Microsoft's UK data centres and the impact of the cloud
Microsoft has opened the doors of its new data centres in the UK, which will help it sell its services to various British organisations - such as the Ministry of Defence and the NHS - which handle sensitive data.
Mark Skilton, Professor of Practice in the Information Systems and Management Group at Warwick Business School, is a researcher of cyber security and cloud computing. He offered his perspective on the news:
"The recent announcement of local UK data centres by Microsoft in London, Durham and Cardiff is part of a bigger picture of the large cloud computing providers 'setting up shop' on local territory, to provide better access and performance of their cloud products and services.
"It has been 12 months since the safe harbour agreement enabling EU citizen data to be automatically moved and stored in the US was ruled invalid, while its replacement - the EU-US Privacy Shield - has raised more concerns over EU citizen’s data and massive and indiscriminate surveillance by the US government.
"Large US cloud companies like Microsoft, Amazon, and Google have much to gain and potentially lose in navigating these legal issues, yet the adoption and scale of cloud computing by organisations means demand is growing exponentially. With no significant EU alternatives, UK companies continue to move to the cloud as shown by the MOD's need to modernise its IT through the adoption of 'on-demand' cloud services.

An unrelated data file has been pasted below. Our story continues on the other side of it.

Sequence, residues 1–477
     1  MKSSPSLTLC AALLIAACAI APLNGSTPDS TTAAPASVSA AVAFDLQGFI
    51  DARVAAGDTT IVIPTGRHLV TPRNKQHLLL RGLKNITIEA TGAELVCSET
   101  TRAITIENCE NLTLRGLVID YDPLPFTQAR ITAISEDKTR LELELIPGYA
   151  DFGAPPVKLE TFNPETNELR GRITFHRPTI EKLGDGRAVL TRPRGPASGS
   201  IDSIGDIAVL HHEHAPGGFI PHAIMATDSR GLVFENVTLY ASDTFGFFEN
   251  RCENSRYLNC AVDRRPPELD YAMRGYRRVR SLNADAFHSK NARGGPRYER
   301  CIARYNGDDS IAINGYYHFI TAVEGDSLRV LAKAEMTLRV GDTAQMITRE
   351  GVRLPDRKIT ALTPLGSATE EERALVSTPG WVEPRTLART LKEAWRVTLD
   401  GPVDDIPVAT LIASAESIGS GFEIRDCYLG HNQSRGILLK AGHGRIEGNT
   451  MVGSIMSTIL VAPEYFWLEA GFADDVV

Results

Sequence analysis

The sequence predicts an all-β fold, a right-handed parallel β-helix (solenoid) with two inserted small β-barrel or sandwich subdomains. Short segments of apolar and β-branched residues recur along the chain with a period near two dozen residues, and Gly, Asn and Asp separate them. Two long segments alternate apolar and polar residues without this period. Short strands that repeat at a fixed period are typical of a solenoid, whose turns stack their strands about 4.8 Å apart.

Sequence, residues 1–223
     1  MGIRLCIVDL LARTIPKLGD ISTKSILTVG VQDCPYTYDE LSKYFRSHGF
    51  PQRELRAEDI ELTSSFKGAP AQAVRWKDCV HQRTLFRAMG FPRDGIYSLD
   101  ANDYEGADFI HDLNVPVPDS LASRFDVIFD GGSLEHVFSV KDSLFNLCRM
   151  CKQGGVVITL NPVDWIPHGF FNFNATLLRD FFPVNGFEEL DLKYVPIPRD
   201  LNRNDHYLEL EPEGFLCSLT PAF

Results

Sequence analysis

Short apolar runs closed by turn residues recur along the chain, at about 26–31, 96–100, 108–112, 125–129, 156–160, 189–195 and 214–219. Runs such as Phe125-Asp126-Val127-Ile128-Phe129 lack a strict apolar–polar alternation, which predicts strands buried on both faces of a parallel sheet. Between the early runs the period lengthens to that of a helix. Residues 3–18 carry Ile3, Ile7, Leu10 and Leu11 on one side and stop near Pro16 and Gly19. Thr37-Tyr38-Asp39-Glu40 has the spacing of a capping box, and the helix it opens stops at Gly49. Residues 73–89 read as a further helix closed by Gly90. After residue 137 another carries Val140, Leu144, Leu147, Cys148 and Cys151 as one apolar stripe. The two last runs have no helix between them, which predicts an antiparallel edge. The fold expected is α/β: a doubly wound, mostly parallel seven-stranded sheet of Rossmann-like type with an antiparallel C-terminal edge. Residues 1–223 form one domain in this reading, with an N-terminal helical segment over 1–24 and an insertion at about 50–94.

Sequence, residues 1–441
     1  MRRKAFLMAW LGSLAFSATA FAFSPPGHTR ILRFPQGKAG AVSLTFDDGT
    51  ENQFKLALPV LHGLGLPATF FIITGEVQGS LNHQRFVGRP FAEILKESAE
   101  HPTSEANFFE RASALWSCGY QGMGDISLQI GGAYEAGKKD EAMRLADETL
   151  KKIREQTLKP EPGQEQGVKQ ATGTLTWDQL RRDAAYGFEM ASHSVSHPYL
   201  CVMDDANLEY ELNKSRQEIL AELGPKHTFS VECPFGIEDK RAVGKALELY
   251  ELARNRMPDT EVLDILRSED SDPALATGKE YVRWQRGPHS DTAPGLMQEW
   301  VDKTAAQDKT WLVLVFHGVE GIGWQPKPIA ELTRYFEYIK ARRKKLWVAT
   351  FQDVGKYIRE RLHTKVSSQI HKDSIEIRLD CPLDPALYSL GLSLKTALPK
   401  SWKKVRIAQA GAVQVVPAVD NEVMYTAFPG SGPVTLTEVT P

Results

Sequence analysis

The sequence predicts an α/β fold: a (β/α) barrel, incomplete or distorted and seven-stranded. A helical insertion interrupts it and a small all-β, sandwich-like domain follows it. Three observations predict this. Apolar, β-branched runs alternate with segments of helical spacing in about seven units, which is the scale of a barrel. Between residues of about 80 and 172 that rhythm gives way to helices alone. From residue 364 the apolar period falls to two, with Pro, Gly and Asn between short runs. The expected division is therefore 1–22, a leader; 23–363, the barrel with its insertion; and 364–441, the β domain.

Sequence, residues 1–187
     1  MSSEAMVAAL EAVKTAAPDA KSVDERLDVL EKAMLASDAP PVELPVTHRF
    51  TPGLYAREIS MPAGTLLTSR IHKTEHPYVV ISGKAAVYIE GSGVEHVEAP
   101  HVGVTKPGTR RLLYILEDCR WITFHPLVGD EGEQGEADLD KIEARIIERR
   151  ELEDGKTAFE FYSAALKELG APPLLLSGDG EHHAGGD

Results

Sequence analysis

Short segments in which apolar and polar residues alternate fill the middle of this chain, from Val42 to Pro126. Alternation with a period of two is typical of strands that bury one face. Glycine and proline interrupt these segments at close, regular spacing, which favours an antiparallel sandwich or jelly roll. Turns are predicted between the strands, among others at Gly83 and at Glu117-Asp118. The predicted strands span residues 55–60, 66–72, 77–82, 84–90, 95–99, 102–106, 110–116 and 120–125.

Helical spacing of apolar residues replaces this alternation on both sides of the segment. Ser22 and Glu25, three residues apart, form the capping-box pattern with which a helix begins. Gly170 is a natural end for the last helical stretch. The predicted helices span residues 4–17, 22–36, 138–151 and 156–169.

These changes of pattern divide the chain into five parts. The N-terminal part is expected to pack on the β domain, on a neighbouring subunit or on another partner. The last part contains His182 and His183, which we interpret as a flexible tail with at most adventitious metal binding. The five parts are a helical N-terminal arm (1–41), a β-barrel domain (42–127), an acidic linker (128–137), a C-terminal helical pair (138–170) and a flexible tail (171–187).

"By being 'on-shore' some work-around can begin in placing EU citizen data within the country of jurisdiction. Modern cloud data centres have the ability to partition and rapidly accelerate access to software-as-a-service products and computing capacity for storage and data analytics.
"The economics of these centres are highly compelling for companies in pubic and private sectors, and with the addition of secure zones and security, they can offer private cloud services for tenants while gaining access to new modern software and rapid elastic capacity to meet flexible business demands.
"The fact that organisations like the MOD will consider external cloud data centres has been something of a turning point for companies that have originally been in the public cloud market and perceived as inherently insecure alongside all kinds of public tenants. Modern cloud computing security partitioning, software-defined networks and infrastructure are enabling new robust levels of encryption and secure access, enabling part or whole migration of organisation's content to be managed as a secure cloud service.
"The problems of security have not gone away, but cloud computing can, in some cases, speed up from weeks to seconds data analysis and produce a 70-80 percent reduction in operating costs. With the Internet of Things connecting potentially everything, the sea of data will get even larger and companies need to be able to access it while taking advantage of new advances in machine intelligence, automation and augmented reality services.
"Having cloud computing is a vital layer of infrastructure in the modern digital economy and that, along with broadband and network investment, will drive new levels of market penetration and enterprise performance for organisations."